Floodplain Management and Protection

A floodplain is the area adjoining a stream, river or watercourse that has been or may experience flooding in a storm event. The hazards of living on or adjacent to areas that are subject to flooding are well known. Many developed areas of Chester County are subject to periodic flooding, because they were first settled by persons who needed to be close to water for transportation and water power for mills. Development has caused flood elevations and frequency to increase over the years.

Regulations are usually located in the zoning ordinance, as an overlay district that places special controls over what is known as the 100-year floodplain. A one-hundred-year flood is calculated to be the elevation of floodwater expected to be equaled or exceeded every 100 years on average. The 100-year flood generally has a one percent chance of being equaled or exceeded in any single year. Although all Chester County municipalities have adopted zoning ordinances, they are also permitted to adopt flood management regulations as part of other municipal ordinances. Act 166 permits a municipality to adopt floodplain management regulations without adopting a zoning ordinance.

floodIn an effort to reduce the risk of loss of life and property, both Federal and State governments have established floodplain management and protection programs to reduce the impacts of floods. The Pennsylvania Flood Plain Management Act, commonly known as Act 166, was enacted in 1978 to help limit the loss of life and damage to property due to flooding, through the proper management of floodplain areas within Pennsylvania. The Act requires every municipality that is subject to flooding to participate in the National Flood Insurance Program (NFIP). The NFIP enables property owners to buy subsidized flood insurance in participating municipalities. In return for making flood insurance available at lower costs for their residents, participating municipalities are required to enact floodplain management regulations that comply with the minimum requirements of the NFIP and with regulations adopted by the Pennsylvania Department of Community and Economic Development (DCED).

Advantages

Floodplain Management and Protection ordinances can be associated with the following benefits:

Limitations

Floodplain Management and Protection ordinances can be associated with the following limitations:

How to Use This Tool

Municipalities that are updating their Floodplain Management and Protection regulations should consider the following:

Examples

In 2006, FEMA, the Federal Emergency Management Agency's Flood Insurance Rate Maps (FIRM) and Flood Insurance Study (FIS) in portions of Chester County were revised. This necessitated revisions to municipal ordinances to properly reference the revised FIRM and FIS so that there was no interruption of the National Flood Insurance Program (NFIP). The Pennsylvania Department of Community and Economic Development (DCED) was the liaison between FEMA and the municipalities. DCED reviewed proposed municipal ordinance language for consistency with federal and state requirements and provided feedback to the municipalities. Examples of municipal floodplain ordinances:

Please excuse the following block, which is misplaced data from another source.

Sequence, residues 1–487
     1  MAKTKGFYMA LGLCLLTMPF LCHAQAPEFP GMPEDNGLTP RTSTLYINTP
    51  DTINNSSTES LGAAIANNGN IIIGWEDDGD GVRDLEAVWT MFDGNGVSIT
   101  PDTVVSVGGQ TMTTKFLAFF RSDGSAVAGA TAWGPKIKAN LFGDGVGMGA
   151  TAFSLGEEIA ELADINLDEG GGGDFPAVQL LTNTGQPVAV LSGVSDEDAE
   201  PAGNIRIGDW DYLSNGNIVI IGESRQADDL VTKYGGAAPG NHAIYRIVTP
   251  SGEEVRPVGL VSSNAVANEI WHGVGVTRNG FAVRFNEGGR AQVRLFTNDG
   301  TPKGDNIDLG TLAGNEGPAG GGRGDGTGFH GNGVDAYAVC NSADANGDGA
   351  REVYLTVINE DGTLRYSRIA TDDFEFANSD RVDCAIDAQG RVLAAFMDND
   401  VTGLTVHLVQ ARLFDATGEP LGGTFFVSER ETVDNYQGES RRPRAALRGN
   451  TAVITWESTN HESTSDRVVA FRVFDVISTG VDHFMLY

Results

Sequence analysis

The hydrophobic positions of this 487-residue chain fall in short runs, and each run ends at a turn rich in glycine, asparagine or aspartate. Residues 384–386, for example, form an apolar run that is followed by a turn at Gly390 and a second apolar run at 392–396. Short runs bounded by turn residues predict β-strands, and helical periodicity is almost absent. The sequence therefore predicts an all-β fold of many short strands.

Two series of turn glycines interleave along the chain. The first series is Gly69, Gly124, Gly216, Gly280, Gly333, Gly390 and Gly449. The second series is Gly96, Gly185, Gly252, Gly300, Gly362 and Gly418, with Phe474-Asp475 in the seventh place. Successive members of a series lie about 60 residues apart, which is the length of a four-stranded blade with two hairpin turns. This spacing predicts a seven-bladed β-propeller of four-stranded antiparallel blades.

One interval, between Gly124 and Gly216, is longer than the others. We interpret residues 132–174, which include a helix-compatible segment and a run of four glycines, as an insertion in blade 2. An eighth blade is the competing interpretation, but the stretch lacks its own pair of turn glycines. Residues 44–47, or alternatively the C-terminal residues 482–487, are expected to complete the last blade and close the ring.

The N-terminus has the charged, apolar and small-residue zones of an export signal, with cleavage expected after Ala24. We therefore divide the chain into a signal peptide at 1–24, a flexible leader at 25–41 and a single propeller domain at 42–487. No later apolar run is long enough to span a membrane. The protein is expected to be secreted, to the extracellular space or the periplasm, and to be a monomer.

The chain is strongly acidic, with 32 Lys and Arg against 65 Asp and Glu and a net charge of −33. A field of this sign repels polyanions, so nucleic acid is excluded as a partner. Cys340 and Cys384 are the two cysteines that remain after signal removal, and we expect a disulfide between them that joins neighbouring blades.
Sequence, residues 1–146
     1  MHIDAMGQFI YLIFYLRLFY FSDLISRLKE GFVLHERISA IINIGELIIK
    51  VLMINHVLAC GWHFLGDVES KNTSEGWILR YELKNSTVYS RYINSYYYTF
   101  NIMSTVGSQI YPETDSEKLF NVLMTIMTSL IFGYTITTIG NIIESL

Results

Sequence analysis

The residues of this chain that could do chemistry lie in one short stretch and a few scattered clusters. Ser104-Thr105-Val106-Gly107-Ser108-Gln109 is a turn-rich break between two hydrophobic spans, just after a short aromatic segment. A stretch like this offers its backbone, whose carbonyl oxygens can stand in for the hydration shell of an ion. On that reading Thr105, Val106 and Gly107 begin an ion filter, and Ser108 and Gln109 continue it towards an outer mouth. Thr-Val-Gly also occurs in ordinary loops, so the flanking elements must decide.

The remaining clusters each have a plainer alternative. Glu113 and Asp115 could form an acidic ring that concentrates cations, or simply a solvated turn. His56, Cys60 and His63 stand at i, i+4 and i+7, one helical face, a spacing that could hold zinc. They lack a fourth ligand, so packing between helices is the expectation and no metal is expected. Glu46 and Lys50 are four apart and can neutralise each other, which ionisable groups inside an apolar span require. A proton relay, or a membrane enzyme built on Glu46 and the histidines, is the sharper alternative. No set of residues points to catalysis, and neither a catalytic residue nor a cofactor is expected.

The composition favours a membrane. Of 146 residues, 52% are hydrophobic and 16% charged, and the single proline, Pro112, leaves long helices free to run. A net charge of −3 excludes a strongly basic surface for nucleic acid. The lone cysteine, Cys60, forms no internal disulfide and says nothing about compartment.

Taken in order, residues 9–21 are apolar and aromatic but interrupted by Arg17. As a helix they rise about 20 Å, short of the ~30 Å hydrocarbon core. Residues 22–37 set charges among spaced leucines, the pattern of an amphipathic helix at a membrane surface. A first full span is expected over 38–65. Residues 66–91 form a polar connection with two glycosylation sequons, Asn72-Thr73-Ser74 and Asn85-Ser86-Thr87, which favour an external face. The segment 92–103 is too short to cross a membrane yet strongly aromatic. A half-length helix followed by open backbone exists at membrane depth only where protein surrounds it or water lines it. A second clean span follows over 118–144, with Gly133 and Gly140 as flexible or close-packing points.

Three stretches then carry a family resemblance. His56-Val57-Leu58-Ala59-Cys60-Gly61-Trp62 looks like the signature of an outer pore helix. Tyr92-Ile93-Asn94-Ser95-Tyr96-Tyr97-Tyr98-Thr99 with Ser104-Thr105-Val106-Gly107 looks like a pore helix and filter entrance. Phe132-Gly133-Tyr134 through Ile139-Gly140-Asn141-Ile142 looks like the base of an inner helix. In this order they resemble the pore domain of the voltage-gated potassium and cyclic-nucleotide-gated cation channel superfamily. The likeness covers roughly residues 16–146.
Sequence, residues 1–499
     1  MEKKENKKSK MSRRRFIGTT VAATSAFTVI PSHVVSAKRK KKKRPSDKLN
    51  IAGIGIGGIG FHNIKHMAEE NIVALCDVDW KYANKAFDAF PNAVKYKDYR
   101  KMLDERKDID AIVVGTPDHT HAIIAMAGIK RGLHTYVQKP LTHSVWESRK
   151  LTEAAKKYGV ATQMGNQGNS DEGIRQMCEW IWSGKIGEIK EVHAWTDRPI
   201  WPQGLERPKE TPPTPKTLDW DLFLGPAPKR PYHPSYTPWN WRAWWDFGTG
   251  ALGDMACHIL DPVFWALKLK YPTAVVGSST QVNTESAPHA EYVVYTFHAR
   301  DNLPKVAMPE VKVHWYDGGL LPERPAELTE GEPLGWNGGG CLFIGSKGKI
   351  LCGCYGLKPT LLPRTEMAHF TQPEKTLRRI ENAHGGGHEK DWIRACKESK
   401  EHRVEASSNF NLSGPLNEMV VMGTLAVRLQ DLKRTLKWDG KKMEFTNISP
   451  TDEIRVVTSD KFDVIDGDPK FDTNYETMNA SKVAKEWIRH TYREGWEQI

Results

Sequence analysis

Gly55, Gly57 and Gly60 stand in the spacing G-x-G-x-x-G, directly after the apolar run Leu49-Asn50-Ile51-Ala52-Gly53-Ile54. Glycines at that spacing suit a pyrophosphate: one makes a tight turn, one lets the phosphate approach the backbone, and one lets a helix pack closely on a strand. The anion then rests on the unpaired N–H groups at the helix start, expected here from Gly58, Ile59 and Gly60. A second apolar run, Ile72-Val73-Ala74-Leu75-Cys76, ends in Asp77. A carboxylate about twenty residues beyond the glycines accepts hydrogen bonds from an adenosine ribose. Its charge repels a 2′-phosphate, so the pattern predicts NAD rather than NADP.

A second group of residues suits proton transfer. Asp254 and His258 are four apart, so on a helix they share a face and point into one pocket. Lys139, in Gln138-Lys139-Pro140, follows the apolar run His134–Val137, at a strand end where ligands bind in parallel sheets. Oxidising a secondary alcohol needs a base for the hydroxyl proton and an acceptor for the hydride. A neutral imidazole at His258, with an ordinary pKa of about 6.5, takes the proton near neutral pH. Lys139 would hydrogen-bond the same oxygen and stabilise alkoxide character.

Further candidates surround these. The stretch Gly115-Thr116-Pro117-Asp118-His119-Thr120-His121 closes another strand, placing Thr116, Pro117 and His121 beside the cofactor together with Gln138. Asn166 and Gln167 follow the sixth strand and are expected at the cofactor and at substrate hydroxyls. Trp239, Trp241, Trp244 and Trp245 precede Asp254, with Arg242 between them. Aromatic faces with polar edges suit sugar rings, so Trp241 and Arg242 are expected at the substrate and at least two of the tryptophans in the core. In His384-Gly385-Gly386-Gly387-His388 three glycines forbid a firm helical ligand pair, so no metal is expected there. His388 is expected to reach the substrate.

Related References

Related Tools

Landscapes2 Relevance

Floodplain protection applies to all landscapes, wherever floodplains are present. This tool supports the Water Resource Protection and Surface and Ground Water Quality policies in Landscapes2 and in Watersheds, An Integrated Water Resources Plan for Chester County, Pennsylvania and its Watersheds, 2002. Watersheds is the adopted Water Resources Element of the 1996 Chester County Comprehensive Plan, Landscapes.

Landscapes2 recommends that local and multi-municipal plans and ordinances include provisions to reduce the cumulative impacts of development and redevelopment on land and water-based natural resources. Natural resource protection plans and their implementation ordinances should focus on both preservation opportunities and the restoration of degraded resources, and promote local and multi-municipal planning and initiatives consistent with the Pennsylvania State Water Plan and river basin, watershed, forest management, and other natural resource plans.

The protection of floodplains can help reduce damage from flooding and reduce the energy expended in clean up activity. Because this tool promotes energy conservation, it is consistent with one of the primary objectives of Landscapes2, as expressed in Objective EC 1: Reducing Demand and Consumption, seeks to "Promote energy conservation that reduces demand by individual consumers, the county, and other public and private entities".